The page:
About Predica Diagnostics
- Founders: Marco de Boer & William Leenders
- Founded in: 2019
- Employees: 3
- Money raised: loans from RedMedTech ventures and MIT; 250.000 and 20.000 euros
- Ultimate goal: Take a leading role in cervical cancer prevention and use the developed test also for other types of cancer
Start-up Predica Diagnostics joins the fight against the Human Papillomavirus (HPV), a virus that can cause cervical cancer. By means of a test that not only shows the virus but also measures its activity, Predica hopes to be able to diagnose women more effectively and also prevent overtreatment. At the moment it is still a small business in one of the buildings near Radboud University Nijmegen, but there are big plans. “Ultimately, we want to play a leading role in cervical cancer prevention worldwide”, says managing director Marco de Boer.
William Leenders, a researcher at Radboud University and scientific director, has founded Predica Diagnostics together with de Boer. The aim of the start-up is to develop and market a test that not only demonstrates the HPV virus but also measures its carcinogenic activity.
Human Papillomavirus is one of the most common sexually transmitted diseases in the Netherlands. Estimates from the RIVM indicate that 80 to 90 percent of the population will be infected with the virus during their lives. Worldwide, 500,000 women get cervical cancer every year, half of whom die.
In the Netherlands, women between the ages of 30 and 60 receive an invitation every five years to have a smear taken from the cervix that is tested for the virus. Nowadays this can also be done by means of a self-test that a woman can do at home and have it sent for an HPV-test. “This test looks for the presence of the virus”, says Leenders. “It is a very sensitive measurement and about 10 percent of all women are tested positive for this highly contagious virus. Women who are tested positive still have to go to the doctor for a smear, after which they are referred to a gynecologist in case of a positive result. But the virus does not always cause cancer. Leenders: “Of course, you also have your immune system. In 95 percent of the cases the body cleans up this virus itself, you can’t predict that yet.”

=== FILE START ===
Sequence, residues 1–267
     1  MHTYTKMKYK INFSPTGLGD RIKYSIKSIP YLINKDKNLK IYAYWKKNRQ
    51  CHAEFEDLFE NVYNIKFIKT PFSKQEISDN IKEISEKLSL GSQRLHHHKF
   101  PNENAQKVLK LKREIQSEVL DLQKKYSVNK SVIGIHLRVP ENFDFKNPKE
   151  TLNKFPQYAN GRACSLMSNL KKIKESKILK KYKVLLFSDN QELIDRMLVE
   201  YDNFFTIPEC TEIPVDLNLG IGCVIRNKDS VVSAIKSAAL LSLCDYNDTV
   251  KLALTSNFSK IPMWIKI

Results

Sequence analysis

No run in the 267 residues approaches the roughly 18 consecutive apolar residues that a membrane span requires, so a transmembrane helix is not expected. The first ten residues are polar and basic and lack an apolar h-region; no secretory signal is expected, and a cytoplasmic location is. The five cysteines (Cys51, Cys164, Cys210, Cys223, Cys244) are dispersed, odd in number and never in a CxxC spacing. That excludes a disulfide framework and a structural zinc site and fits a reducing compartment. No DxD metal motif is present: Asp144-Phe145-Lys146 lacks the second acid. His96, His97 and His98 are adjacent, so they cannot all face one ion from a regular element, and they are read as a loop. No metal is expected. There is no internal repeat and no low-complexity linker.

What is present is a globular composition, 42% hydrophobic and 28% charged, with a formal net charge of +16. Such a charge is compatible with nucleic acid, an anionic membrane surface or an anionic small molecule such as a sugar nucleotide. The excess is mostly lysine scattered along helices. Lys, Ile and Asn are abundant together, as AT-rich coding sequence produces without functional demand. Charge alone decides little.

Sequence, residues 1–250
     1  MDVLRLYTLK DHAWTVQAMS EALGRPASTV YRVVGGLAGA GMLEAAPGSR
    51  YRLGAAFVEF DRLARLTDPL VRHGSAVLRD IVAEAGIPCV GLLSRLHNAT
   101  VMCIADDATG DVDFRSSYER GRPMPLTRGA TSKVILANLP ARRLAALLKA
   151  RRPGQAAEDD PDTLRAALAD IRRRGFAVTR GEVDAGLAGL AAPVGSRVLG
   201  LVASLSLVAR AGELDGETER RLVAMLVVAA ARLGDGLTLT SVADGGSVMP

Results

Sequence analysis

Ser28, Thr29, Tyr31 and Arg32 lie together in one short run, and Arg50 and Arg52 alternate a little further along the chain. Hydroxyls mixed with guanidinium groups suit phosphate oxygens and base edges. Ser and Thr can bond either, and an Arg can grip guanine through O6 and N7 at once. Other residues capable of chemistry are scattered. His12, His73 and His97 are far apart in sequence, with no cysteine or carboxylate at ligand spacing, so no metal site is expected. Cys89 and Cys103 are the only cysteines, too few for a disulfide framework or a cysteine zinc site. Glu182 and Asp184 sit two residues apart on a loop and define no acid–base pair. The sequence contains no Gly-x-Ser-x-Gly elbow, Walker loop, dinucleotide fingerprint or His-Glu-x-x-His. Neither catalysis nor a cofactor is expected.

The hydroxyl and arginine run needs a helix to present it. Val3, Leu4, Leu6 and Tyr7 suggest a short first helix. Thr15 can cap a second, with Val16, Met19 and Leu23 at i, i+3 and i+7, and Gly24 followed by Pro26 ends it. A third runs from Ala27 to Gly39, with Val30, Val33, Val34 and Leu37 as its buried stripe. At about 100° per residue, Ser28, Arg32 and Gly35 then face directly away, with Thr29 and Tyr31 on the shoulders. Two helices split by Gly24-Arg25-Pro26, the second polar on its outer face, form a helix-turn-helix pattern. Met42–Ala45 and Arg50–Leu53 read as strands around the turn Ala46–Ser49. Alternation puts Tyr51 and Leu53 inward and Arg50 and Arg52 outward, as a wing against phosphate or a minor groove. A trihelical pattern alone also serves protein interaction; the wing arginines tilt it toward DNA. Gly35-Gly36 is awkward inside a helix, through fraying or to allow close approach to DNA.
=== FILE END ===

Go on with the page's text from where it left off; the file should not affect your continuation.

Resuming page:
The test that Predica Diagnostics develops can show with more certainty whether the virus will actually cause cancer. This reduces the need for women to see a doctor for a ‘false alarm’ and that can cause a lot of headaches. “No fuss if it’s not necessary, that’s actually the motto of our company”, says Leenders.
What is it like to start a business in the middle of a pandemic?
De Boer: “Apart from a few months’ delay, I don’t see any negative effects. Diagnostics was a dirty word for investors before COVID. Like: you can’t make that much money with that, it’s not that important. But now, people understand that diagnostics are essential to prevent illness. I now see that a lot more money goes to diagnostics because people realize that prevention is very important.”
How does the test work?
Leenders: “The test that we develop is based on a standard HPV smear that women can take themselves at home; the doctor’s smear can also be used, as long as it contains cells. We measure the RNA of the virus, not the DNA, which is what current population research is doing. The RNA makes the proteins that provide the functional activity of the virus. So it is only when the virus has infected your cells and makes RNA that such a virus becomes potentially dangerous. That’s what we measure.” With the method developed by Predica Diagnostics, they can analyze hundreds of samples simultaneously. With machine learning, you can ultimately have the computer predict the risk of a woman actually developing cancer.
How did you come up with this idea?
Leenders: “This is a further development of a technology that already existed. The test we’re doing was already available for DNA analyses, and we extended it to RNA.” He initially developed this test for brain tumors, but when it turned out that the test could also measure the RNA of the HPV virus, the focus shifted to RNA.
What phase are you in?
De Boer: “We are starting up. We have set up our team, Hans van Leeuwen is chairman of the advisory board and Menno Rasing is our first colleague at the lab. We have just concluded a licensing agreement with the Radboudumc, which gives us exclusive rights to the technology developed by William. As of July 1st, our lab opened and we are attracting investors.” Radboudumc is already a shareholder in the company. From the RedMedTech Discovery Fund, a foundation in the province of Gelderland that supports start-ups, they have received a loan and through RVO, Predica has received a so-called MIT subsidy to get started in the first place.
How do you want to scale up?
De Boer: “Ultimately we want to become a global leader in cervical cancer prevention. Within two years we want the test to be ready for the European market. We want to have the first prototype ready in a year’s time. Hopefully, in five to seven years, we will be so big that we will either go public, get serious money and grow, or our company will be bought by a large diagnostic company that already works worldwide and takes over the business.”
Does the test have other applications?
“This is cool”, says de Boer, “we are now working on cervical cancer. But William has also looked at lung cancer, kidney cancer, and, for example, brain tumors at an academic level and you could use our technique for that as well. For example, you could look into tumor tissue to see which genes are being expressed and then choose which medication to use.”
Cervical cancer will remain the primary focus for at least the next two years. “For the other applications, we are looking for companies that want to collaborate with us, so that in the future we can help patients not only for cervical cancer but also for other types of cancer. That is our long-term dream.”